05 March 2015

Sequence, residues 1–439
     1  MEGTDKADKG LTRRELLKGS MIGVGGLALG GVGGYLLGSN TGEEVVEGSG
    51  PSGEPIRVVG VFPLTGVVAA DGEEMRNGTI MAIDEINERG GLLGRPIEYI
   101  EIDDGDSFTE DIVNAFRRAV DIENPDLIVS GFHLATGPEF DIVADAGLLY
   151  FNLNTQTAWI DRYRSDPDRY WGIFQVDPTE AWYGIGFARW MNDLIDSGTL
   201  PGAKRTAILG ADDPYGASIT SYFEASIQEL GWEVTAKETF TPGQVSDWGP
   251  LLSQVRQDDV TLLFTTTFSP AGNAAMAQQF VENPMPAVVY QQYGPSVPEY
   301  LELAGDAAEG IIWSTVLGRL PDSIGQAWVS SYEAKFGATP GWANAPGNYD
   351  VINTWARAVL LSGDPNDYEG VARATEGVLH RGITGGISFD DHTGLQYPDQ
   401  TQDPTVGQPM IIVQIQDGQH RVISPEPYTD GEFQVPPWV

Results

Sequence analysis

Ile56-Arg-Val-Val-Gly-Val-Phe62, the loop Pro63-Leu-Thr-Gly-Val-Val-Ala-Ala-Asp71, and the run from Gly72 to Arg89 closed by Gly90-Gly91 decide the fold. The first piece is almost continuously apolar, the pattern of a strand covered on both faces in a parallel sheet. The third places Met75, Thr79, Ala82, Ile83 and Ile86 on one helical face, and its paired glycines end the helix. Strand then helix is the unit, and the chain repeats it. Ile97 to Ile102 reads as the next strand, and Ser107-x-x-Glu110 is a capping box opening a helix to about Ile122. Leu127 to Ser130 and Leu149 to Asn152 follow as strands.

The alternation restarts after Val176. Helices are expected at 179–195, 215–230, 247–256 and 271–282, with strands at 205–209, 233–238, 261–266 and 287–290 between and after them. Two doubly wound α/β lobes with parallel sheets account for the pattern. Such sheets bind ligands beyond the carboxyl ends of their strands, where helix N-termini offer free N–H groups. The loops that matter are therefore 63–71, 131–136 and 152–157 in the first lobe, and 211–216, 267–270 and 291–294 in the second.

The governmental communication hegemony is an indisputable fact. There remain few independent media for whom it costs to survive amid an institutional, social and economic deterioration. The work of the press – seriously harming the demands of democratic life – is becoming impossible. Almost non-existent is access to information in the hands of the government, as it is reduced to what is declared without questioning, verification or checking by officials of the regime. Prior censorship, whether through the respective legislation of control of contents in force or the most recent and disgraceful acquisition of social news media until yesterday independent, apparently private and hidden following pacts of confidentiality, subdues editorial stances. Criminalized and subject to being taken to court is every form of dissident social and political expression, whether by journalists, neighborhood leaders, students or politicians. The official evangelistic propaganda captures the key hours of radio and television programming, generates through repeated official or presidential networks an effect of informational blackout. The few independent media that remain are victims of the adverse economic environment caused by the government of Nicolás Maduro. In 2014 inflation rose to 65%, making it one of the highest in the world. Added to that is the fall in revenue, a debt of $147 billion, the lack of foreign exchange and the devaluation of the currency by 3.823%. In a communiqué signed by noted economists it is said that “chronic shortage at the national level and the scarcity of goods and supplies of all kinds along with a contraction of the economy and loss of jobs are part of the serious consequences that Venezuelans are facing since last year.” This also affects the written press, radio and television and their sources of work. In 2014 there were registered 24,890 murders, a rate of 82 violent deaths for every 100,000 inhabitants, the second highest in the world. Maduro’s government indiscriminately suppresses all dissidence of opinion or protest and also sends to prison, along with politicians or opinion-voicers, those who produce some assets. There is the presence of an economic and media war following the queues that Venezuelans line up in at the doors of the markets and pharmacies affected by rationing. Three former Latin American former presidents declared that they received news of the existence of “tombs” or homes constructed underground at very low temperatures in political police quarters, designed for the torture of prisoners of conscience, protesting students or those jailed for being capitalists. A part of the opposition made public a document titled Acuerdo Nacional (National Agreement) in which the country and the regime were invited to move towards a different stage that considers in-depth social and institutional corrections. Signing the document, published in the newspaper El Nacional, were political prisoner Leopoldo López, María Corina Machado and Caracas metropolitan mayor Antonio Ledezma. On February 20 while President Maduro was speaking on the radio and television strongly armed and hooded officials, without having prior investigation or court order, kidnapped Ledezma, who is the most important and popularly elected government authority in the capital. Maduro made the announcement, arguing that the reason he gave the order to the Attorney General’s Office against Ledezma was because he had signed and made public the National Agreement for Transition Towards Democracy. He judged it to be an attempt to destabilize his government. Similarly, Congress Speaker Dosdado Cabello moved to deprive of privilege – as he had done with María Corina Machado – Congressman Julio Andrés Borges, the leading party authority of the opposition Mesa de la Unidad Democrática (Democratic Union Table). The censorship of all that, except what runs through social media while servers operate under government control and what the international press say, have been constant. The government seeks to set up a wall of silence under fear and threats, while a Navy officer, who was the Chief of Security of late President Hugo Chávez, accused the authorities of the Executive Branch and Congress of having usurped power and being in collusion with drug traffickers. Between October and December 2014 there were recorded 42 cases of restriction of freedom of expression. Of these 31.26% were threats and intimidations and 25% acts of censorship. And as regards the victims they are not only journalists but every dissident person, human rights defenders, authors and political activists. The year 2014 closed with 64 political prisoners, among them 20 students charged with taking part in public protests. The year 2015 opened with 40 people detained for protesting and reporting on a demonstration or being near one. The majority of them were released. Two of the victims were tortured with electricity, NGOs reported. There are two kinds of censorship of information – prohibition of access to official information imposed by government officials or heads of supposedly independent media, and the recent purchase by anonymous shareholders. On December 2 the Constitutional Tribunal of the Supreme Court denied the request for access to information by the Ombudsman’s office on the state of sexual and reproductive health in the country, requested by the NGO Espacio Público (Public Space) and human rights organizations Provea and Acción Solidaria. The Tribunal declared in regard to another Espacio Público petition that information concerning telecommunications is a state secret. Cencoez, a government body responsible for provision of foreign exchange, similarly has denied providing information to the media about the availability of this. It denied El Nacional information on the use of foreign exchange between July and October 2014. In February student demonstrators had their mobile phone and Internet service cut off for many hours. Conatel in December prohibited the Senos Ayuda Civil Association from carrying out a television campaign to give the numbers of people who had died from cancer. The censorship by the “new” and unknown owners of recently acquired media have in common the reduction of space for denunciations, not reporting on political leaders, and the suspension of columnists, changes in headlines and modifications of news reports. On January 14 journalists with the El Universal newsroom complained that the newspaper print and online editions were censored following a press conference given by presidential candidate Henrique Capriles, Miranda state governor. The same thing occurred after the visit of former presidents of Chile, Mexico and Colombia. El Universal reporter Reyes Theis complained of censorship ordered by that newspaper’s president, Jesús Abreu Anselmi, of statements made by Andrés Pastrana who said that “the political prisoner status of Leopoldo López was confirmed.” Journalists Roberto Deniz and Carmen Rosa Gómez complained of pressures they had received at El Universal and they resigned. Radio station FM Center fired reporter Ingrid Bravo Balabú. Its executives argued that she was not giving balanced reports on actions by the opposition. Other main events in this period: On February 27 the daly newspaper Tal Cual, headed by Teodoro Petkoff, ceased circulating, turning itself into a weekly, over newsprint problems and pressured by seven lawsuits made against it be people in the regime. On February 6 the government, through Conatel, decided not to renew the operating license of Radio Infanta 90.9 FM in Barinas, a critic of the regime. On January 26 the Bolivarian National Police seized the photos of news photographers María Gabriela López and Alex Delgado of El Propio and El Nacional after covering a police operation and threatened them with burning their equipment. On December 14 the newspaper El Guayanés ceased publishing when its newsprint supplies ran out. Its digital version shut down on January 1 after its operation was declared financially unsustainable. The program “Actualidad Informativa” (Current News) moderated by journalist Héctor Caldera and aired by 92.7 FM radio in Monagas was taken off theair in the middle of its broadcast. In December unidentified persons hurled two fragmentary grenades at the offices of the regional newspaper El Siglo in Aragua state. On November 24 journalists Edison Durán and Abraham Palencia of the newspapers El Impulso and La Prensa, together with Tomás Gaona of Promar Televisión, after covering a prison riot at the Uribana, Lara state, Penitentiary had their equipment seized under the threat of being made to disappear and killed by officers of the Bolivarian National Guard. In November President Maduro accused Televen of broadcasting a program disrespectful of women and promoting immorality. He labeled journalist Alberto Federico Ravell “garbage, a coward.” The Conatel director general accused independent media of being part of an “aggressive army.” Cabello accused journalist Laura Weffer of being a conspirator. The persecution extends to social media. Seven tweeters (Lessy Marcano, Ginette Hernández, Inés Margarita González Árraga, Víctor Andrés Ugas, Danieli Benítez, Leonel Sánchez Camero, Abraham David Muñoz Merchan) have been the object of detention and criminal charges at Cabello’s request for expressing disagreeable and strong opinions or publishing photos of the murder of governing party Congressman Robert Serra. The chair of the Assembly Media Committee, governing party Congresswoman Blanca Eekhout, announced a criminal investigation of Tal Cual for reproducing an article from a U.S. newspaper concerning the Robert Serra murder. Cabello announced that he would be filing lawsuits against the Spanish newspaper ABC and the local papers El Nacional and Tal Cual and the portal La Patilla for having repeated the statement of a Navy officer, security chief of the late President Hugo Chávez and the same of Cabello, who accused him of being the visible head of Los Soles cartel, alleged drug trafficking organization made up of members of the Venezuelan military. In February Foreign Minister Delcy Rodríguez threatened to take legal action against international media for making Venezuela look like a failed state. She accused ABC and its correspondent Ludmila Vinogradoff of manipulating the news. Since February 10 Cabello has been hosting and moderating a program “Con el mazo dando” (Banging with the gavel) on state television VTV. In that program he derides ethical rules. He enjoys the privilege denied to all journalists of having a constitutional protection of inviolability for his opinions and reports and the protection reserved for all senior officials. Supported by evident sources of governmental intelligence – spies he identifies in this program under the name of “voluntary patriots” – and without verification as to their trustworthiness he discloses and reports on supposed facts of the private life of each opponent or businessman or journalist who bothers the government. He even publishes illegal recordings in order to discredit those he regards as enemies of the revolution. In the conclusions of the United Nations Committee Against Torture of November 28 there is declared “deep concern at the reports that speak of public disqualifications … on the part of the Chairman of the National Assembly, quoting reports by ‘voluntary patriots’.” In this context on January 14 Cabello accused journalist Mónica Villamizar of being an American spy. On February 13 Cabello railed against journalist Mariengracia Chirinos and other human rights activists, accusing them of being the authors of a report about his television program that they would take to the Inter-American Commission on Human Rights.